MIAMI GARDENS, Fla. (AP) -- With the Miami Dolphins needing any kind of score to end a four-game losing streak, two points were plenty.
Cameron Wake sacked Andy Dalton for a safety with 6:38 left in overtime, and Miami beat the Cincinnati Bengals 22-20 on Thursday night.
On third-and-10 from the 8, Dalton retreated to the goal line and was tackled by Wake coming up the middle for the third overtime safety in NFL history. The officials immediately signaled the score, which was upheld following a replay review.
"We called a pressure, and the guys executed it well," coach Joe Philbin said. "Cam had good pressure throughout the game and he made a play to end the game"
Wake had three sacks, and Cincinnati committed four turnovers that might have meant a difference of 17 points.
The Dolphins (4-4) won for the first time since their 3-0 start and snapped a four-game winning streak by the Bengals (6-3), who still enjoy a two-game lead in the AFC North.
"You never want to lose four games in a row," Philbin said, "and we had an excellent football team coming in town. It was time for us to step up and we had to make a decision - what are we going to be? And I thought they answered the bell pretty well tonight."
The teams traded punts to start overtime. After Cincinnati's Terence Newman was called for a 38-yard pass interference penalty, the Bengals dug in and forced another punt that pinned them deep, setting up the safety by Wake.
"My eyes were downfield, and he was there pretty quick," Dalton said, adding he thought he was out of the end zone.
According to STATS, Minnesota's Mike Merriweather had the first NFL overtime safety in 1989 against the Los Angeles Rams, and Chicago's Adewale Ogunleye had the second against Tennessee in 2004.
The Bengals could have tried a 56-yard field goal in overtime but punted to the Dolphins instead.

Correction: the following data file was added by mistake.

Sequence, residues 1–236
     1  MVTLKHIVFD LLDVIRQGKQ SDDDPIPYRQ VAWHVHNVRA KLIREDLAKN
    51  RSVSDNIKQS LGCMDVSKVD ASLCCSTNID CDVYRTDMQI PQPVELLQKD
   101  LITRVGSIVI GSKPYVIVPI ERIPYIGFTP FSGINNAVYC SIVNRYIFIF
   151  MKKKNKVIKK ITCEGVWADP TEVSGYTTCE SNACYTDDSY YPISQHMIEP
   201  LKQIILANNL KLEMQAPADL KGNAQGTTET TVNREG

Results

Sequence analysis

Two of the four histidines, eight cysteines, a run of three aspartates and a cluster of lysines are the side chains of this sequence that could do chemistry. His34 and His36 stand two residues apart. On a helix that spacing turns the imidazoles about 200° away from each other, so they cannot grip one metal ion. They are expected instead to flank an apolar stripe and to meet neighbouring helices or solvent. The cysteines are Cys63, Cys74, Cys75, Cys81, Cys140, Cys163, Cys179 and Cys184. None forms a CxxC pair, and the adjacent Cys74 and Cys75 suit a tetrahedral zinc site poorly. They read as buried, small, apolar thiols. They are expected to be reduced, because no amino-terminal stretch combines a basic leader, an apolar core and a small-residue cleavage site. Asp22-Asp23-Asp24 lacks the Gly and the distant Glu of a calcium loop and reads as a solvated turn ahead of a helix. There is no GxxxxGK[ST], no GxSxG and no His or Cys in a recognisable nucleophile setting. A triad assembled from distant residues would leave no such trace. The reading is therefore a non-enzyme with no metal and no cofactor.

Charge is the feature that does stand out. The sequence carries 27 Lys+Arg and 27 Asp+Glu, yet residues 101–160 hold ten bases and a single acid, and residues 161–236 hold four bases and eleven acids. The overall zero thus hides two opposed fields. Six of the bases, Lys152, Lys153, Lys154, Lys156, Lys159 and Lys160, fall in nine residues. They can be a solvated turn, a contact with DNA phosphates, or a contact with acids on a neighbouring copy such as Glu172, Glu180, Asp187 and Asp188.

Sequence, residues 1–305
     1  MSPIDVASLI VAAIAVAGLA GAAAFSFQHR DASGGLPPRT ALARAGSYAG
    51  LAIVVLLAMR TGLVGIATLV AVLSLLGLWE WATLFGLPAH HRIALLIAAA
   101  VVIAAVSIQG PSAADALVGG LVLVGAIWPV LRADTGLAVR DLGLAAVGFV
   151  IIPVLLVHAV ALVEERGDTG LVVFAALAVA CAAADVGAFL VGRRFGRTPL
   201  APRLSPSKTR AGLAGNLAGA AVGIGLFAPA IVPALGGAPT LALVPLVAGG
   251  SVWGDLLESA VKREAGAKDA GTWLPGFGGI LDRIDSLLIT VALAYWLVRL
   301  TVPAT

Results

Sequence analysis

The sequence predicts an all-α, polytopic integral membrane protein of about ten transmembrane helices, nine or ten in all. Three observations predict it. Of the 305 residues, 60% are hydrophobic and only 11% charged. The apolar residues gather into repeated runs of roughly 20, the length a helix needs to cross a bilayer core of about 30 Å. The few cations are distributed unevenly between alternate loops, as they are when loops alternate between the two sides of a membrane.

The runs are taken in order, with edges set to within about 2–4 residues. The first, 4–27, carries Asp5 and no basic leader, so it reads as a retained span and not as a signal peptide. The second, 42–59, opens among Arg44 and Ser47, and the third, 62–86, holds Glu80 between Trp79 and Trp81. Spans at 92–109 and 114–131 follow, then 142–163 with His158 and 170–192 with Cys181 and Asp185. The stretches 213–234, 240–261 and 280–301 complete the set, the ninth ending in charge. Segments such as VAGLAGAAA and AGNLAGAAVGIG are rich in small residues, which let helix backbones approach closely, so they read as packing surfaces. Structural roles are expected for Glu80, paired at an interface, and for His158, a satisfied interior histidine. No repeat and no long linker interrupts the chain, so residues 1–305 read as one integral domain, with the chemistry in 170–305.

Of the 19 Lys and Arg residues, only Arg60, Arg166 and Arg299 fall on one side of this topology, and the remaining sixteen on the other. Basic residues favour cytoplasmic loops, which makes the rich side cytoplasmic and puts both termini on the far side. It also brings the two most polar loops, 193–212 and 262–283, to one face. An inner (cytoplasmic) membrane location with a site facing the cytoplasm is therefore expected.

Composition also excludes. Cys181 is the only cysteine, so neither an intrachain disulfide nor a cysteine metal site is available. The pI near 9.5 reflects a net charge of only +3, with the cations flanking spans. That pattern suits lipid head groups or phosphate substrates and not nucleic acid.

"We had a chance, maybe," Cincinnati coach Marvin Lewis said, "but we felt better about pinning them down."
Lewis made another questionable decision at the end of the first half. When the Bengals started from their own 15 with no timeouts and 45 seconds left, he decided against running out the clock.
His aggressive approach backfired when Dalton's pass was intercepted by Dimitri Patterson, setting up a 36-yard field goal by Caleb Sturgis to put Miami up 10-3 at halftime.
Mike Nugent kicked a 54-yard field goal with 1:24 remaining in regulation to put the Bengals ahead, but Miami answered with a 50-yard drive, and Sturgis made a 44-yard field goal with 11 seconds left to force overtime.
Brent Grimes returned an interception 94 yards for a touchdown to put the Dolphins up 17-3 midway through the third quarter, but they squandered a two-touchdown second-half lead for the second time in five days. On Sunday in a loss at New England, they were outscored 24-0 in the final 24 minutes.
Cincinnati's Giovani Bernard scored on an electrifying tying 35-yard touchdown run in the third quarter that covered perhaps twice that much ground. He started right, doubled back left, weaved up the sideline, cut back across the middle and somersaulted in the end zone, leaving Dolphins sprawled in his wake all along the way.
The run took 16 seconds. At least four defenders had a shot at him, including Grimes, who missed twice - once in the backfield as the play unfolded.
Cincinnati's Marvin Jones was kept out of the end zone four days after he caught four touchdown passes. Dalton's 50-yard touchdown pass to Jones was negated by a holding call against Jermaine Gresham as the Bengals sputtered four days after scoring 49 points to beat the Jets.
The Bengals drove 64 yards for a field goal in the second quarter to take a 3-0 lead, and mounted an 80-yard drive for a touchdown in the third quarter. But Grimes' interception represented a potential 14-point swing, because the Bengals were at the Miami 10.
On third-and-4, Grimes snatched Dalton's pass away from Jones, sprinted up the sideline and somersaulted after crossing the goal line. It was the first touchdown for the eighth-year pro, and the Dolphins' longest interception return since 2002.
The Dolphins drove 93 yards in the second quarter for the game's first touchdown. Ryan Tannehill hit Mike Wallace for 40 yards to set up the score, which came on a 1-yard sneak.
Follow Steven Wine on Twitter: HTTP://TWITTER.COM/STEVE-WINE